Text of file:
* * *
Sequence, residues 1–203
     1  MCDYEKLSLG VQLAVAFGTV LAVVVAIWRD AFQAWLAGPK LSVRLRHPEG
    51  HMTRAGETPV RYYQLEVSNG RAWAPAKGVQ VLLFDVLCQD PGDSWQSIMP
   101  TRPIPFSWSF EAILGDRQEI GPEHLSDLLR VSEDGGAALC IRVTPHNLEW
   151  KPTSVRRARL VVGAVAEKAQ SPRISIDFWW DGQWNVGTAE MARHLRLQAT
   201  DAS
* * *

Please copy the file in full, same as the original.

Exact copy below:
Sequence, residues 1–203
     1  MCDYEKLSLG VQLAVAFGTV LAVVVAIWRD AFQAWLAGPK LSVRLRHPEG
    51  HMTRAGETPV RYYQLEVSNG RAWAPAKGVQ VLLFDVLCQD PGDSWQSIMP
   101  TRPIPFSWSF EAILGDRQEI GPEHLSDLLR VSEDGGAALC IRVTPHNLEW
   151  KPTSVRRARL VVGAVAEKAQ SPRISIDFWW DGQWNVGTAE MARHLRLQAT
   201  DAS